A love of adventure, nature and photography brought George Swain to Ann Arbor in 1900
Before George Robert Swain settled in Ann Arbor in 1900, he traveled 2000 miles by bicycle through France, Switzerland, Belgium, Holland, and Germany, covering Caesar’s battlefields with his camera. That was just the beginning of his journey.
Swain’s love of adventure and family brought him to photography and Ann Arbor, and he became the university’s official staff photographer in 1913. He photographed parts of the world, artifacts and manuscripts few see, locally and abroad, in his role as university photographer. His on-campus photographs are rich in history and feeling; poetic, even. His other photographs cover archeological expeditions to the Near East and Europe, and travels in the western United States and Canada. It wasn’t all work, however.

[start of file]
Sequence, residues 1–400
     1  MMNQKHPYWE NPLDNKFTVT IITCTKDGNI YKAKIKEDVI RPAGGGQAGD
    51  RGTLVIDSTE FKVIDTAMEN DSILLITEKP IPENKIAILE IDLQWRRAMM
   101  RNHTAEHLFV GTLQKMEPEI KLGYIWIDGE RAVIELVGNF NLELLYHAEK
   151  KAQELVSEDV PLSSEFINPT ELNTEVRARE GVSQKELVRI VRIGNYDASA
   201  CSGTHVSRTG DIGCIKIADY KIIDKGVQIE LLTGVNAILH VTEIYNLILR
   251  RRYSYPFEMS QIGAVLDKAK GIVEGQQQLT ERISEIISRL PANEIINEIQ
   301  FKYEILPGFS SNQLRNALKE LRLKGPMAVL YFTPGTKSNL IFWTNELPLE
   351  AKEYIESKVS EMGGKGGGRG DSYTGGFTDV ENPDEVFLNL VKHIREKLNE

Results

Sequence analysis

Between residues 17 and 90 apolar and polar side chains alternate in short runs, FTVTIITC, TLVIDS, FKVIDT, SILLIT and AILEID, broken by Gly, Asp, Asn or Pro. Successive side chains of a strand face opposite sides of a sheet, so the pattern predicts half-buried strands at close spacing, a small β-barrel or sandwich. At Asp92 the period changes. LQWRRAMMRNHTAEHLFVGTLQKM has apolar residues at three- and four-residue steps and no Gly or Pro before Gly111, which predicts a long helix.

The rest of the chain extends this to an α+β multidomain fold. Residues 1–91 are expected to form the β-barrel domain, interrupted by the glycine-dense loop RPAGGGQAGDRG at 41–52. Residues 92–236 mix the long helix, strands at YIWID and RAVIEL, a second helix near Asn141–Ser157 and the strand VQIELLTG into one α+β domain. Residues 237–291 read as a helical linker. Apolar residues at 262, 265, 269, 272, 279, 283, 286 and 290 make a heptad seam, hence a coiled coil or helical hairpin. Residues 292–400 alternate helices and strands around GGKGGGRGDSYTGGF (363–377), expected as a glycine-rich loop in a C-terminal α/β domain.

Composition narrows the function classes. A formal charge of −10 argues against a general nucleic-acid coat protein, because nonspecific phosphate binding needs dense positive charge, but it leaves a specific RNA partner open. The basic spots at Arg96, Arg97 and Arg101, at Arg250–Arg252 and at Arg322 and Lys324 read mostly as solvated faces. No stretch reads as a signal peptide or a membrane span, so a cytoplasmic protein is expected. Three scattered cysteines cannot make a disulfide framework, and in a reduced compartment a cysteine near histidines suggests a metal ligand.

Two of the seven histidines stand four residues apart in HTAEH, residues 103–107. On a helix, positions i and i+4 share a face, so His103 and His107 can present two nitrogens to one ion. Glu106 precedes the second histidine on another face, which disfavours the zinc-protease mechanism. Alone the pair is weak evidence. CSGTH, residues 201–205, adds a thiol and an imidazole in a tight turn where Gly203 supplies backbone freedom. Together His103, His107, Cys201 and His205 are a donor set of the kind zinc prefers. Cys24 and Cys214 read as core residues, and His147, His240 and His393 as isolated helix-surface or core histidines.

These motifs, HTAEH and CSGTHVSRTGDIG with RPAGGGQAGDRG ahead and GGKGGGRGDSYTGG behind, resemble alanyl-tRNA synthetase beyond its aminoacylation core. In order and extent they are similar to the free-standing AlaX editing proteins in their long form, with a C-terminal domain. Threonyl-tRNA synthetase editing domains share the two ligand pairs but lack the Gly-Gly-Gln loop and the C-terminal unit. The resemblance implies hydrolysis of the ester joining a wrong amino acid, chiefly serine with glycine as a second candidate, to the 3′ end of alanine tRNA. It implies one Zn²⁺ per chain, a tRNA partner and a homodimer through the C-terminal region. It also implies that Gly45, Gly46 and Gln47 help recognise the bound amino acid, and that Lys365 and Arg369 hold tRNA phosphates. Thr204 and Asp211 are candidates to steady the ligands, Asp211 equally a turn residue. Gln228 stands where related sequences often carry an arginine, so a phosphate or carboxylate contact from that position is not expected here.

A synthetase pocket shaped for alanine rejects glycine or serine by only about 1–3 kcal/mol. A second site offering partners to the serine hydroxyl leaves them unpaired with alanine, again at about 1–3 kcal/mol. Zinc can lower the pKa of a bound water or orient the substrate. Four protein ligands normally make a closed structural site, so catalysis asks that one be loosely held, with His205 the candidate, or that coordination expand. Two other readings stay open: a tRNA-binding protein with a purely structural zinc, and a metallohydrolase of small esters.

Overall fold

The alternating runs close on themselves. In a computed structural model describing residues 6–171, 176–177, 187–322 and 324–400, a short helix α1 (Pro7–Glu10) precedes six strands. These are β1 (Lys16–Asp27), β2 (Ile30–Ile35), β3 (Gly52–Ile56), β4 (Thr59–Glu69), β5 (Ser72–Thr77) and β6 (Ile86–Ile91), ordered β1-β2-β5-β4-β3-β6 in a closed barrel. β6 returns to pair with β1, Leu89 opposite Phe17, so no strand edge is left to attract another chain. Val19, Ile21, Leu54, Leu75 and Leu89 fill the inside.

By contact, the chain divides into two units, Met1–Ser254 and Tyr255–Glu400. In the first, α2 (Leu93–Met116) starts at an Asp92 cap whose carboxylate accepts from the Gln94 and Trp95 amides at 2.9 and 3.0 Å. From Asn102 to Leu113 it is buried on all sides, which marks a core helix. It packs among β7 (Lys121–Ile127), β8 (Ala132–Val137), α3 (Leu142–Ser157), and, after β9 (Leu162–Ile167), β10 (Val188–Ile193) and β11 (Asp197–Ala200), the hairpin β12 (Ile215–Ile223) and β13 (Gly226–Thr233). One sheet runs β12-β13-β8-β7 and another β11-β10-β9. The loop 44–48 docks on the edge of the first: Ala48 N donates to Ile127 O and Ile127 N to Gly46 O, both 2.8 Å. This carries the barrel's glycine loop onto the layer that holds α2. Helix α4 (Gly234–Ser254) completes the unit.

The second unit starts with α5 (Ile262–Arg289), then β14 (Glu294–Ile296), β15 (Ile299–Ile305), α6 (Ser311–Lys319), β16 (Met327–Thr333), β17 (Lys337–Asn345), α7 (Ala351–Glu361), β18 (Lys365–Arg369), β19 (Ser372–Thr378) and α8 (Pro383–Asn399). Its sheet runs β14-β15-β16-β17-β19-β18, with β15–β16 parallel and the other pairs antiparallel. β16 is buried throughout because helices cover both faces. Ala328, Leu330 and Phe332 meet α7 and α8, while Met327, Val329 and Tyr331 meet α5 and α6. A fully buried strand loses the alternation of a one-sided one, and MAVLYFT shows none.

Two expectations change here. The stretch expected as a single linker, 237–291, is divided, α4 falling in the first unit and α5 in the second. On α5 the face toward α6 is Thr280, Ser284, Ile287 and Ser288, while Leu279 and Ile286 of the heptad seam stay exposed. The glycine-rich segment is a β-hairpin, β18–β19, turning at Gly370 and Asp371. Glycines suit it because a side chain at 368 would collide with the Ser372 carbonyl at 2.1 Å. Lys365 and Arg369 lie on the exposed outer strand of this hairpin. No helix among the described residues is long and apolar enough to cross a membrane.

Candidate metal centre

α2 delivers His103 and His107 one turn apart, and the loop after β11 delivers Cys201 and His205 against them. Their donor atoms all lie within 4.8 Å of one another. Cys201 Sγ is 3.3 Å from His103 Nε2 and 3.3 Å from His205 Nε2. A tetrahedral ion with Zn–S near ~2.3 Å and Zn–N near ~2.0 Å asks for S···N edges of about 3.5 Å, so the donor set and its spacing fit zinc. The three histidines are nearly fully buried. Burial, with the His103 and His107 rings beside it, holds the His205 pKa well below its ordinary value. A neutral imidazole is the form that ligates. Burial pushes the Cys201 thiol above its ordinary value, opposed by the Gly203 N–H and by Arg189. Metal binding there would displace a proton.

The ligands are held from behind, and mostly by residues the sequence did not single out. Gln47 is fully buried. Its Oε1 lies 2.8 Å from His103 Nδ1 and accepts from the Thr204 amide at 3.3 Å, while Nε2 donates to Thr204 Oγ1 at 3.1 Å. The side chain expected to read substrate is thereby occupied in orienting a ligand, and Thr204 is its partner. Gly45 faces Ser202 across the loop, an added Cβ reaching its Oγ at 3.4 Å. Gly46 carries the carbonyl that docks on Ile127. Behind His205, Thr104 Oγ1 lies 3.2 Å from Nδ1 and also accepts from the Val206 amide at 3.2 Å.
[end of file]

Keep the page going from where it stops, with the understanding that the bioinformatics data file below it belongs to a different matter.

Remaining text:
George Robert Swain was born on July 15, 1866 in Meredith, New Hampshire. He died at the age of eighty on April 8, 1947, in Ann Arbor, Michigan. An educator, adventurer, poet and a photographer, his career included thirty-four years of service to the University of Michigan as university photographer from 1913 until his death in 1947.
Where Would I Walk with Thee
In the autumn woods where the sunlight glints;
Through its myriad leaves of a thousand tints;
And the pathway leads ‘mongst the tree trunks grey;
By a hurrying brook that seems to say,
“Tis a beautiful world I’m rippling through;
And I love it well.
There ‘twould be joy for me,
Could I but walk with thee.”
—G. R. Swain
— Jan Schlain